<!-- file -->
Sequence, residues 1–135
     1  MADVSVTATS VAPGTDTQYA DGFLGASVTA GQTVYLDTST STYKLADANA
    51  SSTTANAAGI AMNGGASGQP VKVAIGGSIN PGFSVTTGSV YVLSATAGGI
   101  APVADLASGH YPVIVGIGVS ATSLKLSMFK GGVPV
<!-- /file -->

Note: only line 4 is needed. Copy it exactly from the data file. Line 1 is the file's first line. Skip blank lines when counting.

   101  APVADLASGH YPVIVGIGVS ATSLKLSMFK GGVPV